If doctors suspect endometrial cancer or if Pap test results are abnormal, doctors perform an endometrial biopsy in their office. This test accurately detects endometrial cancer more than 90% of the time. If the diagnosis is still uncertain, doctors perform dilation and curettage [D and C ], in which tissue is scraped from the uterine lining. At the same time, doctors may view the interior of the uterus using a thin, flexible viewing tube inserted through the vagina and cervix into the uterus in a procedure called hysteroscopy.

If endometrial cancer is diagnosed, some or all of the following procedures may be performed to determine whether the cancer has spread beyond the uterus: blood tests, liver function tests, a chest x-ray, and computed tomography (CT) or magnetic resonance imaging (MRI). Other procedures are sometimes required. Staging is based on information obtained from these procedures and during surgery to remove the cancer.

Prognosis and Treatment

If endometrial cancer is detected early, nearly 90% of women who have it survive at least 5 years, and most are cured. The prognosis is better for women whose cancer has not spread beyond the uterus. If the cancer grows relatively slowly, the prognosis is also better. Fewer than one third of women who have this cancer die of it.

Hysterectomy, the surgical removal of the uterus, is the mainstay of treatment for women who have endometrial cancer. If the cancer has not spread beyond the uterus, removal of the uterus plus removal of the fallopian tubes and ovaries (salpingo-oophorectomy) is done in allopathic mode of treatment. Nearby lymph nodes are usually removed at the same time. These tissues are examined by a pathologist to determine whether the cancer has spread and, if so, how far it has spread. With this information, doctors can determine whether additional treatment (chemotherapy, radiation therapy, or a progestin) is needed after surgery.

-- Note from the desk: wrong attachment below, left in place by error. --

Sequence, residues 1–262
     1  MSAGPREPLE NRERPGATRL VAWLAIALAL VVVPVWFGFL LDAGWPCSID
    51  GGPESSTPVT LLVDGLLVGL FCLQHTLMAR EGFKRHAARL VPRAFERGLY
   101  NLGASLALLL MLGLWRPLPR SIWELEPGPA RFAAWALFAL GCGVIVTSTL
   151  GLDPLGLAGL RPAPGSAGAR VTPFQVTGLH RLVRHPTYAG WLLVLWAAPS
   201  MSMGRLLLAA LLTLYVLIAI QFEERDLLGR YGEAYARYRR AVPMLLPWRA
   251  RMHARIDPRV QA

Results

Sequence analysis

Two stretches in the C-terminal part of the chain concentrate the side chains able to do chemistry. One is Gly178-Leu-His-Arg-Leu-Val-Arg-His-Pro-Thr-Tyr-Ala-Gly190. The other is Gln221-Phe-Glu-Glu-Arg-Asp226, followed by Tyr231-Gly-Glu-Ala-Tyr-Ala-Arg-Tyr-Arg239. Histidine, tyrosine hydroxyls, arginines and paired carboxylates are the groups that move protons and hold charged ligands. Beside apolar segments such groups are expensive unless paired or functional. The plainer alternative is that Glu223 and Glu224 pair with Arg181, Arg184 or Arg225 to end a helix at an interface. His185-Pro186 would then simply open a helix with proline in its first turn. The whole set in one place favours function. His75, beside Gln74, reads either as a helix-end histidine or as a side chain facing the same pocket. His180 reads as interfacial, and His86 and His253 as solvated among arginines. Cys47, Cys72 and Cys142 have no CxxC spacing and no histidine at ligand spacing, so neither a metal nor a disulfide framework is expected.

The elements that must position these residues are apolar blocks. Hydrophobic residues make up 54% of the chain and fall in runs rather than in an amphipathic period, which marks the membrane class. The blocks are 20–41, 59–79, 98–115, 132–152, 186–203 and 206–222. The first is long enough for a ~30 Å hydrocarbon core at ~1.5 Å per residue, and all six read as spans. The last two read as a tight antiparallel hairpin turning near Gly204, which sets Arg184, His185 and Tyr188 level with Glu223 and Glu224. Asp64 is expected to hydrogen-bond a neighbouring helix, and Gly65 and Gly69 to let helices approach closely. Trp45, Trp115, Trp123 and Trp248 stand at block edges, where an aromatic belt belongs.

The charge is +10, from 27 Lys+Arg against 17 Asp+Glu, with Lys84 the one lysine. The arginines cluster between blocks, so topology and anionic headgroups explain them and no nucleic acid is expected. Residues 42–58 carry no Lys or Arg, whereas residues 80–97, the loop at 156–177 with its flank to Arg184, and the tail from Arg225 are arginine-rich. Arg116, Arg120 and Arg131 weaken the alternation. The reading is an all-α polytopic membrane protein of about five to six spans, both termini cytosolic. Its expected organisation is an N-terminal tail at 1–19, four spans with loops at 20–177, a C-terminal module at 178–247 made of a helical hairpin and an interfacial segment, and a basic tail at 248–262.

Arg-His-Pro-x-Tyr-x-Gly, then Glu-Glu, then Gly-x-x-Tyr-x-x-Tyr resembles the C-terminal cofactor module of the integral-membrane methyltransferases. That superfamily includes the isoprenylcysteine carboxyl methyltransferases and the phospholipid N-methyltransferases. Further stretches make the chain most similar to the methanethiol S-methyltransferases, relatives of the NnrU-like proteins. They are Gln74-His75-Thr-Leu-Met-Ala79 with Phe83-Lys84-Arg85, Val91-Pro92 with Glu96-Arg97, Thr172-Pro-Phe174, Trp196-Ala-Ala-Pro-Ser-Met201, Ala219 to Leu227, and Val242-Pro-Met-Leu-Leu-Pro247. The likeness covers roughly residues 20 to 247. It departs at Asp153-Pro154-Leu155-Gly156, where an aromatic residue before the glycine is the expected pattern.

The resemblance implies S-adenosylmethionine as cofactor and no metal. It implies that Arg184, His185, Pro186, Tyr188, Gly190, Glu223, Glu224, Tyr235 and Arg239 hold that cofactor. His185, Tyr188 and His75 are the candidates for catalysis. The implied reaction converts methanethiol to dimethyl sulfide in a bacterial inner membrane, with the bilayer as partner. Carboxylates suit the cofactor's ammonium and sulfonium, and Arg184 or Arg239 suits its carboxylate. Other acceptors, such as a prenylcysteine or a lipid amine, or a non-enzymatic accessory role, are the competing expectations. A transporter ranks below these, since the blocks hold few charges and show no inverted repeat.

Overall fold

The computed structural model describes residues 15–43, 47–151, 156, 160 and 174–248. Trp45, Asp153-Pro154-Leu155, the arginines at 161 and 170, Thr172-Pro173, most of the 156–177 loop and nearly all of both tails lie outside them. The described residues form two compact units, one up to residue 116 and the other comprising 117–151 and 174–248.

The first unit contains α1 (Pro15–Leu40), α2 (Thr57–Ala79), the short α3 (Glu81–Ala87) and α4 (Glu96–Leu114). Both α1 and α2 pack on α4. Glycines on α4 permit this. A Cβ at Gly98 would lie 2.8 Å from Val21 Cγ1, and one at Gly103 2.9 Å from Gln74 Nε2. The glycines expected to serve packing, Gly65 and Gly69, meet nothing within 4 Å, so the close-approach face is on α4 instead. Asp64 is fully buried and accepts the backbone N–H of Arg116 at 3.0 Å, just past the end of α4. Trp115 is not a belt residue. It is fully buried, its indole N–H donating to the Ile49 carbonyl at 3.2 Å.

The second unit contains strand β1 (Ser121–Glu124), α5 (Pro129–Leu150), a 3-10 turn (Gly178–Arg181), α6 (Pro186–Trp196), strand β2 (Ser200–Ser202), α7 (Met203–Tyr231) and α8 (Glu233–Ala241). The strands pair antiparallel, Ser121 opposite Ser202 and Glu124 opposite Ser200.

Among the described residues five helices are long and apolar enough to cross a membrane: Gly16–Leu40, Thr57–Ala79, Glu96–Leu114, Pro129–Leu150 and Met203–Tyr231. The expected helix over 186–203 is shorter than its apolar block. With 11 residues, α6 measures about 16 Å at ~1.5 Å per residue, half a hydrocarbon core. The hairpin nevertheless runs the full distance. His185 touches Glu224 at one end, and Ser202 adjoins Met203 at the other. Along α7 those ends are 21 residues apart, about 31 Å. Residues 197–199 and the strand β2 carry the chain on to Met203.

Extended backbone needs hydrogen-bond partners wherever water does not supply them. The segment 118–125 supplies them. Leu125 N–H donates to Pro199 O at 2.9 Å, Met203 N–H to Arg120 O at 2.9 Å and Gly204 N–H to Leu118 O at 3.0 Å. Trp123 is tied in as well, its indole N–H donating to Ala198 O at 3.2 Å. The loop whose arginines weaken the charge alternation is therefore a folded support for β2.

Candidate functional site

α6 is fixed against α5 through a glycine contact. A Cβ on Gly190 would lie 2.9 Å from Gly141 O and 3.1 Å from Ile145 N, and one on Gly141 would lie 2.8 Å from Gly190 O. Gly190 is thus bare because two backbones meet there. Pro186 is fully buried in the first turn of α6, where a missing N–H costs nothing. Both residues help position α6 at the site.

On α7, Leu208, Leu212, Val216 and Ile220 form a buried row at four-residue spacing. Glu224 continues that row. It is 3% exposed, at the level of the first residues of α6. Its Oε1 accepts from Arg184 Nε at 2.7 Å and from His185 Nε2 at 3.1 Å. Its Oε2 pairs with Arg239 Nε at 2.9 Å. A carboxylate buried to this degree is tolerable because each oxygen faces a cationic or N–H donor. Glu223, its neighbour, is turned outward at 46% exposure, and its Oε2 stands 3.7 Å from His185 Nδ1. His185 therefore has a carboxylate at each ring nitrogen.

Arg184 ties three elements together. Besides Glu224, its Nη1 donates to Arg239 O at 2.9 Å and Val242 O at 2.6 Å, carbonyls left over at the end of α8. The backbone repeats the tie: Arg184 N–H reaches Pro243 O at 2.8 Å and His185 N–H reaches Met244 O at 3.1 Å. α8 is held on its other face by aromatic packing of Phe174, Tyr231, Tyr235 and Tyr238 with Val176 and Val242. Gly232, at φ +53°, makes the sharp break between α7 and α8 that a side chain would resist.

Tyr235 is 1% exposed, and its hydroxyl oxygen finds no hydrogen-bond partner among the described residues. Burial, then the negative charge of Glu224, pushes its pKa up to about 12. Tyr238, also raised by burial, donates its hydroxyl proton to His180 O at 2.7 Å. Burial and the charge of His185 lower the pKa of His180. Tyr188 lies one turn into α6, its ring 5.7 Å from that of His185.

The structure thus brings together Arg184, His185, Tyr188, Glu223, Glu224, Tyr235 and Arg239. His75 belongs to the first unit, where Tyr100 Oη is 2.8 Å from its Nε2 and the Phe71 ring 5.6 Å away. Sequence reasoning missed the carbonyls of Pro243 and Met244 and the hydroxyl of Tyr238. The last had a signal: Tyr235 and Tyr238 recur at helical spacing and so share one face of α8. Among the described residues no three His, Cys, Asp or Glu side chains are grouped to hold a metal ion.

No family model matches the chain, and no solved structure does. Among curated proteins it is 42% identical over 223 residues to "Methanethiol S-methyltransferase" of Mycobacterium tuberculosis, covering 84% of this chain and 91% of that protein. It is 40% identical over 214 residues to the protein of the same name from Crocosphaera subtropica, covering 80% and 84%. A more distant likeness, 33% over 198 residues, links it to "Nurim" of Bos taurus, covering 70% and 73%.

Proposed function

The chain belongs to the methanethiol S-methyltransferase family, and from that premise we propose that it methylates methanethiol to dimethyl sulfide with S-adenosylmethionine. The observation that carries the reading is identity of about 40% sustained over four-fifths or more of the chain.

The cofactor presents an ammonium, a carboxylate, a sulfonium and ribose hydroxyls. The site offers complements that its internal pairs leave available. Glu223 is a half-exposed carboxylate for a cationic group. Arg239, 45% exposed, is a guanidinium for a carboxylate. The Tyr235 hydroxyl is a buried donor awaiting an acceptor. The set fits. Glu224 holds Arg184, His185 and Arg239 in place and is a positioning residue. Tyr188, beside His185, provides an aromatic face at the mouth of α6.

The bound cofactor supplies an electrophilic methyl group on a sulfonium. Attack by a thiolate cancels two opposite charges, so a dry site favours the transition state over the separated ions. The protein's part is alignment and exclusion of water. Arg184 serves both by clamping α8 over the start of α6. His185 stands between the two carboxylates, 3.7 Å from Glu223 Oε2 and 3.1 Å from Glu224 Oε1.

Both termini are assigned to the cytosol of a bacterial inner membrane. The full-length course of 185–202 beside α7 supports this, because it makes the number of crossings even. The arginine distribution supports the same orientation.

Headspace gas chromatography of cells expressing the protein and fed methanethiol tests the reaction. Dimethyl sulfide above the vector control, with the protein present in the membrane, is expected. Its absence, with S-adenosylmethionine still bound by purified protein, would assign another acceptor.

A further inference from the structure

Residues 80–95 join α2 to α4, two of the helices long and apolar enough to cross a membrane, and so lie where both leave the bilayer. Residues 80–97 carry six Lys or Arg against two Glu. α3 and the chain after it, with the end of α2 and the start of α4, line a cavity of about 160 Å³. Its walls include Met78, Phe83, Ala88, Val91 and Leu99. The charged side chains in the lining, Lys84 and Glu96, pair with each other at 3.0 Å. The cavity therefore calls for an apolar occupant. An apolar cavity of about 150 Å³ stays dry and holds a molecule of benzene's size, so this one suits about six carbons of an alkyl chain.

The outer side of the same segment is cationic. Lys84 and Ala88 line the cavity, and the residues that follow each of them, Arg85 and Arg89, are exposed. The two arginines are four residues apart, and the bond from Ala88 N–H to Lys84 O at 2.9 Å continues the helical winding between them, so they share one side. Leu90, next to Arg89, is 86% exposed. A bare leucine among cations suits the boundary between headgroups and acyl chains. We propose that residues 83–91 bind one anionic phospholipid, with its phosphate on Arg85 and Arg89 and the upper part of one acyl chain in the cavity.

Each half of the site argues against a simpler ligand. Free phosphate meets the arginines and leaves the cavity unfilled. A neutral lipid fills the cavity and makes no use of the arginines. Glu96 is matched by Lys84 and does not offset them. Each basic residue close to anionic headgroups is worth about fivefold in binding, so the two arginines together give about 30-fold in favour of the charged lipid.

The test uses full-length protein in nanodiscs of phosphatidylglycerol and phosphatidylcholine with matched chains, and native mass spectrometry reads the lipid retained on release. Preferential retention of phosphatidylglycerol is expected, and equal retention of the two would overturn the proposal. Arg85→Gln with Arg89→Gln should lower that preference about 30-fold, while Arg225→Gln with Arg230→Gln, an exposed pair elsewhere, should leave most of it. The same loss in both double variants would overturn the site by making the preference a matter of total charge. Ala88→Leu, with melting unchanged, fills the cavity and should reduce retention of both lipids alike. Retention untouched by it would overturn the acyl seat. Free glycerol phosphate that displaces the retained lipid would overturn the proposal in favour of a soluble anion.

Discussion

Chemotherapy may be given after surgery, even when the cancer does not appear to have spread, in case some undetected cancer cells remain. More than half of women with cancer limited to the uterus do not need radiation therapy. However, if the cancer has spread, radiation therapy is usually needed after surgery.

A progestin is often effective. (Progestins are synthetic drugs similar to the hormone progesterone, which blocks the effects of estrogen on the uterus.) If the cancer has spread beyond the uterus, higher doses may be needed. In 15 to 30% of women who have cancer that has spread, a progestin reduces the cancer's size and controls its spread for 2 to 3 years or longer. A progestin may be continued as long as it seems to be working well. Side effects may include mood changes and weight gain due to water retention.

If the cancer has spread, is not responding to a progestin, or recurs, chemotherapy drugs (such as cisplatin Some Trade Names
, cyclophosphamide Some Trade Names
, doxorubicin Some Trade Names
, and paclitaxel Some Trade Names
) may be used instead of or sometimes with radiation therapy. These drugs are much more toxic than progestins and cause many side effects. However, they reduce the cancer's size and control its spread in more than half of women treated.

 Research article  on Nosode as a Direct prescribeing in cases of Cancer [ for the homeopaths only ] can be viewd only by sending a e mail request and your details